The French Regional Contemporary Art Funds (Frac), initiated in 1982 by the then culture minister Jack Lang as part of his decentralisation initiative, are to raise their profile with a number of new buildings opening across the country in the next two years.


The first Frac organisation to benefit from the overhaul is Frac Bretagne designed by the architect Odile Decq in Rennes, northern France. Works drawn from the 4,700-strong collection by artists including Richard Long and Pierre Soulages will be shown across three galleries.


The new building housing the FRAC Bretagne is located in the integrated development zone of Beauregard, in the north-west of Rennes, between the Ile and Vilaine valleys. As its name suggests (Beau regard meaning “beautiful view” in French), the chosen site is located at a height and offers glimpses of the surrounding landscape. The FRAC will stand on the edge of the Parc de Beauregard, a strategic public facility at the heart of this integrated development zone open to pedestrians and cyclists.


The FRAC project, within the tight borders of the constraints of urban regulation, reinterpretes the apparent contradictory and dual idea of the necessary urban inscription simultaneously to that of immaterial escape, from nature to artificial, from heavy to light, from shade to brightness.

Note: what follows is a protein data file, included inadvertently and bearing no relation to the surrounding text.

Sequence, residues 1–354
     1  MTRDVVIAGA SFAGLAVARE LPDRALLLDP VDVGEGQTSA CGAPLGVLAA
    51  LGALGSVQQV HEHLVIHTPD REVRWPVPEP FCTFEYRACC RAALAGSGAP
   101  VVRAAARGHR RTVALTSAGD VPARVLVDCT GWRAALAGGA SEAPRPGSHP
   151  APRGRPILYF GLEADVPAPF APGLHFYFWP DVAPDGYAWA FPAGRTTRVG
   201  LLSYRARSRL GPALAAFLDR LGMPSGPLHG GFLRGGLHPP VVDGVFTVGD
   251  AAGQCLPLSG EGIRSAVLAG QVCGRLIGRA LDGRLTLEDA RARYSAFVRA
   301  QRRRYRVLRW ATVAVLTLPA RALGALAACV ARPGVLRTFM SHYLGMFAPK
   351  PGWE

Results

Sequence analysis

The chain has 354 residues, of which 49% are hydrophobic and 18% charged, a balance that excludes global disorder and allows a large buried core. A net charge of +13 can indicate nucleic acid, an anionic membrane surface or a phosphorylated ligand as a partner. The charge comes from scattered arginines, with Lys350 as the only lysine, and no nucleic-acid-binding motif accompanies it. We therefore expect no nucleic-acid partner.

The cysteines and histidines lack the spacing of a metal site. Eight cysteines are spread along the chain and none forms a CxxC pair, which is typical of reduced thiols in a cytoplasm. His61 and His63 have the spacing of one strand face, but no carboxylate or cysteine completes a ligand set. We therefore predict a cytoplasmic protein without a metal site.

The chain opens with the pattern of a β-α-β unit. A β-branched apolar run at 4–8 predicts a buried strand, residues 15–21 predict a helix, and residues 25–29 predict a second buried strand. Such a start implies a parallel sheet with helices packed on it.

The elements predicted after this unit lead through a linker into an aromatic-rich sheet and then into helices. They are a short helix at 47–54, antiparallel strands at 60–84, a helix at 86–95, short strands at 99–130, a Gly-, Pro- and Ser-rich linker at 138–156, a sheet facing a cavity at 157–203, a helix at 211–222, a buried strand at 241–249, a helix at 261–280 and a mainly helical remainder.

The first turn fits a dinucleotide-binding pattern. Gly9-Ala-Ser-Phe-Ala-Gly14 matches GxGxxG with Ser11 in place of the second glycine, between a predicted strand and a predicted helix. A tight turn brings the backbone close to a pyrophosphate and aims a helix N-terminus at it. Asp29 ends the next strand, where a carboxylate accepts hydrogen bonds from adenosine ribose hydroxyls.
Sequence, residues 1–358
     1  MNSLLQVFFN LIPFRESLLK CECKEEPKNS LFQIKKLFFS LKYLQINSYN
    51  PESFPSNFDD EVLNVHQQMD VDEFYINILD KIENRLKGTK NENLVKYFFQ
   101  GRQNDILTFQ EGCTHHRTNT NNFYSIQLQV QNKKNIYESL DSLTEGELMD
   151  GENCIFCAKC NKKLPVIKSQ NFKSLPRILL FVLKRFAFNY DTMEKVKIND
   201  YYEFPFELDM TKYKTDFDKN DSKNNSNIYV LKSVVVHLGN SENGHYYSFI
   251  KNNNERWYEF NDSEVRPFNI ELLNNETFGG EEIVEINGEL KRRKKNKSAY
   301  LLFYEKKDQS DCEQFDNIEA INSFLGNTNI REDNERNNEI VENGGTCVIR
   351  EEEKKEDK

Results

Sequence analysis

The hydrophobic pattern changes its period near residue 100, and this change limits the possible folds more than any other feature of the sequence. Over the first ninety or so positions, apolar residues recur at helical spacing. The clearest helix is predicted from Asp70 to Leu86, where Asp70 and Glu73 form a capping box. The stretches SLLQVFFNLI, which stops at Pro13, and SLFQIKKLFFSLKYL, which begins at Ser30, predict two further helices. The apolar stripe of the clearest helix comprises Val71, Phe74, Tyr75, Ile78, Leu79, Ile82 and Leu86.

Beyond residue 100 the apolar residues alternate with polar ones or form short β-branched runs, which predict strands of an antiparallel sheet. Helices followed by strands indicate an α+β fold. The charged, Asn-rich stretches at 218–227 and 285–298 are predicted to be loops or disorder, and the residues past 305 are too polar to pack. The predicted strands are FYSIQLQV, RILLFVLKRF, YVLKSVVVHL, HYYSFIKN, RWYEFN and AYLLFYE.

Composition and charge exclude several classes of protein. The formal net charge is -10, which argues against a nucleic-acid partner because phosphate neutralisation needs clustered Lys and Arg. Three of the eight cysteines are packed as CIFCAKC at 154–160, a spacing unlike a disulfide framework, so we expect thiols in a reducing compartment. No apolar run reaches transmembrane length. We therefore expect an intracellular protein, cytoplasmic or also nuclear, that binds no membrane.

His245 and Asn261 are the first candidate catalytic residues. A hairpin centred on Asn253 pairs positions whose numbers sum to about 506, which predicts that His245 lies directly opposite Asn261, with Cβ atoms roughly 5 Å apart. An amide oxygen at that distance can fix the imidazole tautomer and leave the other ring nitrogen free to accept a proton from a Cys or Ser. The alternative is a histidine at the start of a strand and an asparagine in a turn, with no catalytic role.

Section in architecture, the section reveals the invisible ; the section represents a specific point of view. In the FRAC project, the section reveals itself in the transfer from horizontal to vertical, from outside to inside and outside again, from the foyer towards the artworks.


Sequences The exhibition areas and other activities are both separate and articulated. The system of transition through which atrium and ramps contaminate and irrigate space around, each element becomes attractive. Dynamic balance Being in permament research, exploring, questioning, going beyond, looking for the point of rupture, limit of tension : these are the basis of numerous artworks in contemporary art.


So does it reflect the architect’s work, too. The FRAC project tempts to explore some of these processes. A contemporary art space designed as a sensory experience. The entrance, the reception, the rooftop terrace, the multiple ramps and bridges; all these spaces are designed to lead the visitor on a vertical pathway throughout the building.


The space is never centralized, never static, but always dynamic, allowing the visitor constant sensory exploration. This pathway is one of permanent discovery. The space is never centralized; attracting upwards or dissolving themselves, the perspectives always remain tangential an offer sequences of points of view.


The subtle play with colour enables various different colours to stand out from the dominating black and blue materials used within the steel building. On the level of the garden, the tainted grey glass façade plays with reflection, only letting the visitor see one part of the heart of the building. Inside, the red of the atrium stands out and makes the place bright.


The project of Odile Decq is in line with the will of the FRAC to make the place as flexible as possible, while reserving specific areas for each activity. Thanks to its functionality, it best meets the needs of the fund. In terms of aesthetics, it gives the structure an undeniable attractiveness.






Location: Zac Beauregard, Rennes, France

Area: 5,000 m2

Cost: € 11 Million

Year: 2012

Client: Regional Council of Bretagne

1 Comment

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